BPR: From a technical point of view, Hungary is considered to be the leading country of international filmmaking in Central Europe. Do you think it can reach the same level in an artistic aspect?
A. Davenport: I certainly think so. Hungarian filmmakers have won so many Oscars, but not one for acting. We can totally change that. There is no reason why Hungary can’t have international superstars. If you look at Oscar winning actors, a lot of them have private coaches. Some of them are more vocal about it, and some of them prefer to work privately. It’s just like nearly all professional athletes work with a coach. Acting is a muscle so it should be no different. You always have to find ways to keep your craft improving, and it’s difficult to be responsible for that all by yourself.
BPR: What is it that you do here at ORIGO Studios? You coach talents for specific projects?
A. Davenport: I’m holding workshops once a month here at ORIGO, and weekly classes in the city. Actors from all over Europe are coming here, not just Hungarians. Sometimes I’m coaching someone on auditions for certain films, for example “Alien: Romulus”, which is set to be filmed here in Hungary, but I mostly train actors to improve their overall skill.
When English is not someone’s native language, they often need an ear to correct their pronunciation and their rhythm of speech. I also read with my actors during private coaching sessions, since most auditions are now done by self- tape, and a reader with a strong accent can have a negative impact on those tapes. Using the Chubbuck technique, I’m not just helping the actor shape a performance that gets them the job from their audition tape, but I also want to show the filmmaker that this actor is a force to be reckoned with, whose talent cannot be denied. The audition tape should give a sense that the actor is an artist who will come to set with his/her own creativity and can make bold choices that will elevate the writing. The writing can only give you so much: good filmmakers want to hire actors who are easy to collaborate with and make their jobs easier.
I often give actors scenes from films and TV show, many of which were shot here in Budapest like “Dune” or “Blade Runner”, but we are not trying to imitate the original performance. Using the Chubbuck techniques, actors apply their own life experience to the circumstances of the character when they do their breakdown of the script. The result is a powerful, completely different performance.
BPR: Who are some famous Hungarian actors that you are working with right now?
A. Davenport: I started working with Andrea Osvárt, and Kata Dobó just joined the studio. Barnabás Réti is in my class too. There is also Máté Haumann, I got him an audition and would love to work with him further.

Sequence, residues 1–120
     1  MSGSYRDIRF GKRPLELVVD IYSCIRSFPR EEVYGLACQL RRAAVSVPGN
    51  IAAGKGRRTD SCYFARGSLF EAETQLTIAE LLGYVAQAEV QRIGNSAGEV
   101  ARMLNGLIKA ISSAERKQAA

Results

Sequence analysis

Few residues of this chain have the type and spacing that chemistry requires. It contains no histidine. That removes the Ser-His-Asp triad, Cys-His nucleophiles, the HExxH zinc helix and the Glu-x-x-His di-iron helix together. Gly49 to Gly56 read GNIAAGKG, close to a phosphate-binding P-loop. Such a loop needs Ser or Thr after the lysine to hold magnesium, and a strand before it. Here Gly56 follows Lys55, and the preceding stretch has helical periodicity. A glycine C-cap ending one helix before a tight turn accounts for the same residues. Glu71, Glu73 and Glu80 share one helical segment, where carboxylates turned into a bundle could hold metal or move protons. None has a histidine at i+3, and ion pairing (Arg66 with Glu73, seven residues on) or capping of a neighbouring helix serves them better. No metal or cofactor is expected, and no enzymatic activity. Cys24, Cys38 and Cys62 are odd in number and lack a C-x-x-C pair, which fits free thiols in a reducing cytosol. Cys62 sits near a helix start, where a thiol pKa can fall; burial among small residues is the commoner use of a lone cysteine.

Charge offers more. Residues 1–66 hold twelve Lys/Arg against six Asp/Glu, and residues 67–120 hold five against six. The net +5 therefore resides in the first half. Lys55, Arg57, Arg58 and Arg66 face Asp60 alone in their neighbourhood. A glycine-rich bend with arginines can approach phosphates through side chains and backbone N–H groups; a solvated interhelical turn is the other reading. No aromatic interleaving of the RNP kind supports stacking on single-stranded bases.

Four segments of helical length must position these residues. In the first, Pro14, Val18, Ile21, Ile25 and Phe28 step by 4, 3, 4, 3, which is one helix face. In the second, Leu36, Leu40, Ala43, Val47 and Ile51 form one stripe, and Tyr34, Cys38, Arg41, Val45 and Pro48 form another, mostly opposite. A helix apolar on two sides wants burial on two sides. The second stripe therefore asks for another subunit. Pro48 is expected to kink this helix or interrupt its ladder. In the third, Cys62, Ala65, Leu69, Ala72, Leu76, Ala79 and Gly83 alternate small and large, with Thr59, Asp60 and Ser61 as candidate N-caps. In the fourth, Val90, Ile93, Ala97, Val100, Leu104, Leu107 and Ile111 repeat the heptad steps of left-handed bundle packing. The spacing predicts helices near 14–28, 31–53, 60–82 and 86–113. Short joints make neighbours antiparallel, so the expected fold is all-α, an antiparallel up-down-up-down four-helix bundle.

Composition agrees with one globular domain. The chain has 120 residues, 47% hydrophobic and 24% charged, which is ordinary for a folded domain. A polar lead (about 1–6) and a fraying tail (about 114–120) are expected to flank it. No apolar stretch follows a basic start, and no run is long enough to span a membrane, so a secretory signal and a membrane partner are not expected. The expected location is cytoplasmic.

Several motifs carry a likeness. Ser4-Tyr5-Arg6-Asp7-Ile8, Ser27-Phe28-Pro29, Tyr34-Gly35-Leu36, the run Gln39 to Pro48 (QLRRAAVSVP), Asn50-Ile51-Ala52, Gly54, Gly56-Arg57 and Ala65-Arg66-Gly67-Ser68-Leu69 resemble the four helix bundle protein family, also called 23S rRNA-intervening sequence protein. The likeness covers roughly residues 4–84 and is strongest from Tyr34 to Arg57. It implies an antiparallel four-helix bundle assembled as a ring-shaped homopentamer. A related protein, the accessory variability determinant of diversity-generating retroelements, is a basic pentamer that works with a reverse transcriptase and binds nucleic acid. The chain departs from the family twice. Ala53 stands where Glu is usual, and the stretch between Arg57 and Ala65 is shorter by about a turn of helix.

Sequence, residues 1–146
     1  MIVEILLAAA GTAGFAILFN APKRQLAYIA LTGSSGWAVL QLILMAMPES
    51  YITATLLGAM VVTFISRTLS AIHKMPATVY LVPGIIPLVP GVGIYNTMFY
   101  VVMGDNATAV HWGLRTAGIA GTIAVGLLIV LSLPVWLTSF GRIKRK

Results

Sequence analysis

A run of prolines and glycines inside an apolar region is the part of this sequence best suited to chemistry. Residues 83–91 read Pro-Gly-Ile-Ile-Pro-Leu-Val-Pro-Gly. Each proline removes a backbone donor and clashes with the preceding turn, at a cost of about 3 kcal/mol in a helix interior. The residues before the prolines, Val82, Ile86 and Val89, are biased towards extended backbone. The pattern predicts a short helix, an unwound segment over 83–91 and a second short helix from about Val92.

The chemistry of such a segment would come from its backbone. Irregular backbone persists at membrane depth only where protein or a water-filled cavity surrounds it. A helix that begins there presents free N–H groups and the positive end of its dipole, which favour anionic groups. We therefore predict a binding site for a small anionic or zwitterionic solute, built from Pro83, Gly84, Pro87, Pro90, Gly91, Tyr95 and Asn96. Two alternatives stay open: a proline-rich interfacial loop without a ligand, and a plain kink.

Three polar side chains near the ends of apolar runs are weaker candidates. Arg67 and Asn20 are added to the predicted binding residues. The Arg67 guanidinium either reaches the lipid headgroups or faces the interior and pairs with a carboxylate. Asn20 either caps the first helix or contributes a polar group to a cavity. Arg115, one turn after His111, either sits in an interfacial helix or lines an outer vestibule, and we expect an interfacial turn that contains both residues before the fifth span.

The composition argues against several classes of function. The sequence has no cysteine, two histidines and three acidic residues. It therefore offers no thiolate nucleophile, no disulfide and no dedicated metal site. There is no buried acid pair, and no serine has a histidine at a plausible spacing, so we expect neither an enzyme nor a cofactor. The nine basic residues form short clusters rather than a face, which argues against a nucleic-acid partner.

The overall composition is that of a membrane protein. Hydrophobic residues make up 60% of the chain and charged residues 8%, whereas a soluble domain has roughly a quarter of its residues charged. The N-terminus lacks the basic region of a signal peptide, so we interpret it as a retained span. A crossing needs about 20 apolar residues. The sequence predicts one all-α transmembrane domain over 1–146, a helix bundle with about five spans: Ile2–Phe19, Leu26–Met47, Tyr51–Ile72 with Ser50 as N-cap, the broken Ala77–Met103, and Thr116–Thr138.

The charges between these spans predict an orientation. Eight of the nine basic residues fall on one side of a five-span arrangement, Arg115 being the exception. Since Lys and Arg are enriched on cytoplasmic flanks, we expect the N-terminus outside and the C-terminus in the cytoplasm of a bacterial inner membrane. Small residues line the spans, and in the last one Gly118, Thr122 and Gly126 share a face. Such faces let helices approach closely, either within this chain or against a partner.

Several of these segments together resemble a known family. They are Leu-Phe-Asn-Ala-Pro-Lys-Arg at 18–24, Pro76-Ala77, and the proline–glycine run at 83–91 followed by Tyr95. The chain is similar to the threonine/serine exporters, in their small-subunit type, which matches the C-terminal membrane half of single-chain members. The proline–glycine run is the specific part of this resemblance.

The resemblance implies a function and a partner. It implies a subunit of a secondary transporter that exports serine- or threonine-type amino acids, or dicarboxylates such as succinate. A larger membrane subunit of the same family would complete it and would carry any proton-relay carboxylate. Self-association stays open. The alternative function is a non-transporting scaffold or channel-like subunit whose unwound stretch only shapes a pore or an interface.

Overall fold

BPR: Hungarian actors who appear in films usually have some theatrical experience. Are there any bad habits that come up during coaching?
A. Davenport: Yes, it is a big pattern that I’m seeing in class, but I’m working on breaking these habits. Lot of actors tend to overcompensate and indicate emotion. Also the voice they use on stage is not the same voice they have to use on-camera. We are trying to work on their “on-camera” voice, looking for more intimate vocal placements. I also urge them to not talk with their hands on every line. When the camera is watching you, you just need to have the thought, a specific inner monologue, and the nuance of the emotion will be picked up by the camera. You don’t have to show it.
BPR: Based on the past three months you have spent here, can you see Hungarian actors start gaining international fame?
A. Davenport: Absolutely, I think we can make a movie star here. When I was living in the States, I worked with Melissa Leo, my mentor, for 10 years. I played an important role in her Oscar campaign, when she won Best Supporting Actress for her role in “The Fighter”. She is a character actress, who was 50 years old when she did that movie. When she won, she gave me the envelope of the Academy Award. I keep it at my studio, so I can show it to my actors. I want to remind them that success in this industry is not a short distance sprint – it’s a marathon. When I tell them that this took her 30 years to earn, I try to inspire them to be patient. As I’ve said before, there is absolutely no reason why they couldn’t have that kind of success. They just have to do the work.